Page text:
It can be easy to believe that funk is past its prime. With artists like James Brown and Parliament Funkadelic firmly in the past, the genre has arguably fallen off in recent decades, but the funky flame is still alive and well if one knows where to look.
One of the most spirited bands carrying this torch is Vulfpeck. Being one of the pioneers in the contemporary funk scene since their 2011 debut, their sixth studio album, “Schvitz,” brilliantly showcases the playful side of funk. It combines groove and whimsy to create music that is, above all else, fun.
The album opens on “Sauna,” a light introduction that sets the tone nicely without giving too much away. This track is classic instrumental Vulfpeck, with each part fitting together snugly while retaining their own distinctive identities within the ensemble.
The form is dynamic, shifting seamlessly through varied sections to keep things interesting, but always prioritizing the rhythmic feel of the tune. As compelling as it is, “Sauna” isn’t among the highlights of the album, but it introduces it swimmingly.
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It continues to “Earworm,” almost immediately bringing in the comical tone that Vulfpeck is known to employ. The lyrics are from the perspective of the titular earworm, who spends its time regurgitating catchy melodies like commercial jingles.
The rhythmic pattern behind the lyrics is repetitive, but they vary the instrumentation enough that it doesn’t become droning. It’s a fun tune, and it’s obvious to the listener that the band is having fun too.; Iit becomes tough to listen to without cracking a smile.
Next comes “New Guru,” which introduces the vocal talents of Antwaun Stanley. His distinctive voice has graced many a Vulfpeck tune and has become an integral part of the band’s instrumentation. “New Guru” is an excellent example of why that is.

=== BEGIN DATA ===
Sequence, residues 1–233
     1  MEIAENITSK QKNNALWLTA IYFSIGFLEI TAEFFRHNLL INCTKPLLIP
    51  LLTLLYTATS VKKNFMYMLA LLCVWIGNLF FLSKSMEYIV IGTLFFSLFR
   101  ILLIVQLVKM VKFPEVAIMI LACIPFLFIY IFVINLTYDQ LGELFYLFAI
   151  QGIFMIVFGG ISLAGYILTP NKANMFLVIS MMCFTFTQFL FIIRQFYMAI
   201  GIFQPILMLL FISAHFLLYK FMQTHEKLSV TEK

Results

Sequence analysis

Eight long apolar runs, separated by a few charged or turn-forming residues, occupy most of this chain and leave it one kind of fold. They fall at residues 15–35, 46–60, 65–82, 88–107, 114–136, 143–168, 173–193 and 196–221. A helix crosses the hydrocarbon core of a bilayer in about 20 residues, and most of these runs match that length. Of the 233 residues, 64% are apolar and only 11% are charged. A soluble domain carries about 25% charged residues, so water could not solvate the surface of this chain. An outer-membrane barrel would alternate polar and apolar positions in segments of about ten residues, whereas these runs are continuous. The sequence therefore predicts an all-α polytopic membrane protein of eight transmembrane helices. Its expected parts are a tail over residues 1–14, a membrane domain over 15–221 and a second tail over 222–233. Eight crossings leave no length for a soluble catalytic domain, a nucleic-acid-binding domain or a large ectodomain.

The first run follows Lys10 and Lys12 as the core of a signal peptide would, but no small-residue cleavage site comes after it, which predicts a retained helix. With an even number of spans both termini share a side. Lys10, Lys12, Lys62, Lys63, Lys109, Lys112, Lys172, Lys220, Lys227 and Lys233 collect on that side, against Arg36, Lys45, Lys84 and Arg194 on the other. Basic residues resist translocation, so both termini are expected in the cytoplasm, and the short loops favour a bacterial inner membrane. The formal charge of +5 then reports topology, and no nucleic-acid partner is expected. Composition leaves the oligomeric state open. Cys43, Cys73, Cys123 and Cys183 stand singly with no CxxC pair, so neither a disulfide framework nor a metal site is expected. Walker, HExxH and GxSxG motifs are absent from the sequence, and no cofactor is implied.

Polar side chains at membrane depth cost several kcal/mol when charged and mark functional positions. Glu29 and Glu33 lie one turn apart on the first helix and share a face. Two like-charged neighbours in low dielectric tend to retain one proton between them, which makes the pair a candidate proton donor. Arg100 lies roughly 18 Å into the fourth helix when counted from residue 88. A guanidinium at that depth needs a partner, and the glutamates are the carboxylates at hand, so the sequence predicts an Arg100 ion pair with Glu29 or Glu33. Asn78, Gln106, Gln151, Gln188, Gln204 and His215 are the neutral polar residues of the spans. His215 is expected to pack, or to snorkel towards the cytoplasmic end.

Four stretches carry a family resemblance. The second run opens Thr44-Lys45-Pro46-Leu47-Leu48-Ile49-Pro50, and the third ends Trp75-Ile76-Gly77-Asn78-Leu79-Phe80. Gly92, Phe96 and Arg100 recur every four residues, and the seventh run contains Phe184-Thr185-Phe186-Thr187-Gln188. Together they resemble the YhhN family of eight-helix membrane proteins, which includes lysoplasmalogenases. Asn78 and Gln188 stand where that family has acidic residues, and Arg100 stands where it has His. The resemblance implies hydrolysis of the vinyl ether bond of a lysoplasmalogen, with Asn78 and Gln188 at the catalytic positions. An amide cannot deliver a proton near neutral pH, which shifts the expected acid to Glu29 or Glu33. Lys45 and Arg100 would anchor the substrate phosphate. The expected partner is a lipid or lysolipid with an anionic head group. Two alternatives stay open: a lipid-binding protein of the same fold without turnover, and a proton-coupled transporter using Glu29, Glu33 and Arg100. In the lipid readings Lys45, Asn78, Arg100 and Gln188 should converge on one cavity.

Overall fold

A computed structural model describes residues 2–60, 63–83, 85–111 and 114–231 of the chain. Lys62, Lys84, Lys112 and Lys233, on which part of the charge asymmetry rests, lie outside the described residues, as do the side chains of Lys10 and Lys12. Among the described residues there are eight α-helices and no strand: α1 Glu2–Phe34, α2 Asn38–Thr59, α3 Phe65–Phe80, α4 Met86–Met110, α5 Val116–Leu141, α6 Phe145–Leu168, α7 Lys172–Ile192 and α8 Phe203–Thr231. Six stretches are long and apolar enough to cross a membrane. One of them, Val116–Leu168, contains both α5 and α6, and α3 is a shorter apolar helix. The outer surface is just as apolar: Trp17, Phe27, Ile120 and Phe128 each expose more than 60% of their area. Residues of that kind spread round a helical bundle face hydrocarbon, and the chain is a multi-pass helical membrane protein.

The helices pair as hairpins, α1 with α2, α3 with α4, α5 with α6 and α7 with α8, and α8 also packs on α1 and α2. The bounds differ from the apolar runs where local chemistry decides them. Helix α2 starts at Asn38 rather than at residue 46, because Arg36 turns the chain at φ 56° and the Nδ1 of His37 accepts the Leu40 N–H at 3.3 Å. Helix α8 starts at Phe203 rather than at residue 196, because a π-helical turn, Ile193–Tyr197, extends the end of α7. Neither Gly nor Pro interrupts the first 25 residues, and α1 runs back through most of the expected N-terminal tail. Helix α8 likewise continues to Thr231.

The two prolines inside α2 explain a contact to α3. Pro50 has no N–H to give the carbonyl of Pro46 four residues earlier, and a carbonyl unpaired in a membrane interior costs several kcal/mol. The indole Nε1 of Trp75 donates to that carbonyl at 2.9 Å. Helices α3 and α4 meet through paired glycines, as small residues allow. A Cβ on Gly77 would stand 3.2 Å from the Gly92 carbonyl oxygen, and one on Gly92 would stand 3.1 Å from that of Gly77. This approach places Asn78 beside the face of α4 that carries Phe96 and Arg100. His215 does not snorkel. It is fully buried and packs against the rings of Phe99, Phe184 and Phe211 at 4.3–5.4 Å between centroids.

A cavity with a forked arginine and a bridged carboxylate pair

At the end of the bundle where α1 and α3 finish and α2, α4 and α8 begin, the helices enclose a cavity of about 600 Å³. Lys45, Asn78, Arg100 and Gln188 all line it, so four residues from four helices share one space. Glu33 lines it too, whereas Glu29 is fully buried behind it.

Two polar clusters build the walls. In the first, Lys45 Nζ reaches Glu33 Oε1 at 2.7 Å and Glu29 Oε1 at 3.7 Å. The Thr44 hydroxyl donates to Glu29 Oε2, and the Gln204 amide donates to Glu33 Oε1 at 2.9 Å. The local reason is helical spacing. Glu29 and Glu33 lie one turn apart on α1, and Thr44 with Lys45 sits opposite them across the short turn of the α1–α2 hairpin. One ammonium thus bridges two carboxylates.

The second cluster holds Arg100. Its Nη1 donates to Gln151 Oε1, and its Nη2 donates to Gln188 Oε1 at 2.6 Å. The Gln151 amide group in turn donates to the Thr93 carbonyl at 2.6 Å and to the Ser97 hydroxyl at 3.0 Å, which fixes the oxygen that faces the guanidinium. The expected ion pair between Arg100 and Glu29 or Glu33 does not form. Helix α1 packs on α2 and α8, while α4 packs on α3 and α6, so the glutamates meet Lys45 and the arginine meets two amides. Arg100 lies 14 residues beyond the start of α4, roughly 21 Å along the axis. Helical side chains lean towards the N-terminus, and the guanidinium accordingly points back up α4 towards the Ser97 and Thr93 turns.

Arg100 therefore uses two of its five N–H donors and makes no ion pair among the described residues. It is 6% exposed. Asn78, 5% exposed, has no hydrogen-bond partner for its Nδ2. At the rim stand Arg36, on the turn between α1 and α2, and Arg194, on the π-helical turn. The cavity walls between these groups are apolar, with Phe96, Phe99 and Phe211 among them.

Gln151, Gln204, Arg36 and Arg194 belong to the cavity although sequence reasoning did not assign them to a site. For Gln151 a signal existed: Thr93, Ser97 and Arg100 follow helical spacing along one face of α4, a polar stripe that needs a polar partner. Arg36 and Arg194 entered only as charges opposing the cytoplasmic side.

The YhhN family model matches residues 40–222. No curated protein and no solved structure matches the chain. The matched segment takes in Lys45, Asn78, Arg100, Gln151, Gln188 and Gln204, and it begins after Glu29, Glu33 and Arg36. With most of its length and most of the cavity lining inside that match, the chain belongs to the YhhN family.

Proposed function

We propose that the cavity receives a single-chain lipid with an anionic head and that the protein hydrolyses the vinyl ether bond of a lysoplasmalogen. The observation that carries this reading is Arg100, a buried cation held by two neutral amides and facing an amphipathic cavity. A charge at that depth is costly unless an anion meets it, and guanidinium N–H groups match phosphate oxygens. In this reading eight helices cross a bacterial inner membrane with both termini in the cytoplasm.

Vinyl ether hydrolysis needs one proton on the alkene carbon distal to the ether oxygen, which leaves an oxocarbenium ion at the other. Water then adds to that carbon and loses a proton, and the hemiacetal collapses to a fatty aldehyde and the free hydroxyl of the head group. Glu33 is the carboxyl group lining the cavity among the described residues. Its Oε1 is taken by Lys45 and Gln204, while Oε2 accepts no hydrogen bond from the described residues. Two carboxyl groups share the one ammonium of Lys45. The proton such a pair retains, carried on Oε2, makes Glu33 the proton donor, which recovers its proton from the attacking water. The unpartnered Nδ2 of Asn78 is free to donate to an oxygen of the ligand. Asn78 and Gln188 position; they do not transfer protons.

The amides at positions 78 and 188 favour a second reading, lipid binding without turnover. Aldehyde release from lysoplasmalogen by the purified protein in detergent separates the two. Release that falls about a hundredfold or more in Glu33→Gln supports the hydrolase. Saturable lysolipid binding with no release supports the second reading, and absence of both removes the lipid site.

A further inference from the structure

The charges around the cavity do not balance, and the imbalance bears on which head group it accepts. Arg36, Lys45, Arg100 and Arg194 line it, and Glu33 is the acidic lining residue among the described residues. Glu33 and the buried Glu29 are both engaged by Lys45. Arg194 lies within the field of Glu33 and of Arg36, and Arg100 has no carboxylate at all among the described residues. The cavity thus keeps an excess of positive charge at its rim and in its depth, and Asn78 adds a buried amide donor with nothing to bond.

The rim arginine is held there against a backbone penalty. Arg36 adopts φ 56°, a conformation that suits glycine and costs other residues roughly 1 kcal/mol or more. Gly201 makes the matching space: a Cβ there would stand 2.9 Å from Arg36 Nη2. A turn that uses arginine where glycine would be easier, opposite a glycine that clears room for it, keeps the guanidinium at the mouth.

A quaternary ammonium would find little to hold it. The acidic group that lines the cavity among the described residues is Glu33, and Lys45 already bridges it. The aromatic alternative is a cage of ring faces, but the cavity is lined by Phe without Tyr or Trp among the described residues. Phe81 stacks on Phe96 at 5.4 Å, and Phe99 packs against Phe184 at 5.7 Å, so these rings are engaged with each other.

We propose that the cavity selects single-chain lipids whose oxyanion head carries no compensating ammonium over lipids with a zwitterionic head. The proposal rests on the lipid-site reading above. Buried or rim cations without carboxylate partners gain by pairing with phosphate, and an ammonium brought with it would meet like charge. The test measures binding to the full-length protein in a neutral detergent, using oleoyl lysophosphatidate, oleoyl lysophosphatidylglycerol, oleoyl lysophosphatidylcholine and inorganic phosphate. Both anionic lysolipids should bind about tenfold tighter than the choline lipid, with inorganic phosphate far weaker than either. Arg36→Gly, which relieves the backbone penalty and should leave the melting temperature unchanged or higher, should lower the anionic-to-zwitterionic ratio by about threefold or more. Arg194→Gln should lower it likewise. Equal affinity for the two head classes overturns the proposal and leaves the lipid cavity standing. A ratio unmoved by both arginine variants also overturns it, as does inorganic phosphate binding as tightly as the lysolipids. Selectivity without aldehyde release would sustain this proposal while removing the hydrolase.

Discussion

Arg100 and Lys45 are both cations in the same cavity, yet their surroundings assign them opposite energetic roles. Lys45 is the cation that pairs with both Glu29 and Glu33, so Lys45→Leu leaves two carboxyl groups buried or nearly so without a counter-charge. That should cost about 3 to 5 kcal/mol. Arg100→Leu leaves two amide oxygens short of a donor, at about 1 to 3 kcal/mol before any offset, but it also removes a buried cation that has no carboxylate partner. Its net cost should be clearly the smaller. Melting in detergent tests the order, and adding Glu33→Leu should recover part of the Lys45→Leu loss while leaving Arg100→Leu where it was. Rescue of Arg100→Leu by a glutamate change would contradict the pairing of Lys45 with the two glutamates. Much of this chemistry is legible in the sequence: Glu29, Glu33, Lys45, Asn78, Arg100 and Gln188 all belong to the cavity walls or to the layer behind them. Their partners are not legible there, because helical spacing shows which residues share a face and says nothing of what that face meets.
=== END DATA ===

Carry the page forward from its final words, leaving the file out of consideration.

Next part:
Stanley drives the energy effortlessly through the tune, leading the band through the form and keeping spirits high with his lively performance. At one point, he calls the band into an upward key change, then four bars later changes his mind: “My bad, bring that down.” Although undoubtedly planned, this moment brings an element of spontaneity and unexpectedness that makes the song that much more fun.
The band borrows from songwriter Bob Dylan on “Serve Somebody,” a cover of Dylan’s “Gotta Serve Somebody.” They take a groovier approach to the tune, as well as upping the tempo and adding lots of countermelodies to the simple, bluesy harmony.
Stanley’s vocal matches the increased energy while calling back to Dylan’s muted tenor. Vulfpeck’s covers consistently impress in adapting written work to their style, and this is no different, striking a balance between their own eclecticism and Dylan’s restraint.
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Another cover appears two tracks later with “What Did You Mean by Love?” This time they recontextualize the work of one of their own members, Theo Katzman, who originally published the song on his 2020 release “Modern Johnny Sings: Songs in the Age of Vibe.”
The guitar has an interesting effect on this track wherein the sound fades in a moment after the string is plucked. This creates a warm, slightly-off-beat feeling that fits the song well during the verses, but when the guitar takes a solo, the effect sticks around.
This removes all semblance of clarity and rhythm from the solo, outright omitting notes that aren’t played long enough. It’s a confusing enough choice that if the effect was mistakenly left on during this part of the track, I wouldn’t be surprised.
Despite this flaw, Vulfpeck manages to put together another fun and fresh album in “Schvitz.” Combining pervasive groove with their characteristic lighthearted approach to music performance, the band provides what can only be described as good vibes. “Schvitz” is sure to leave a smile on your face and a rhythm in your body.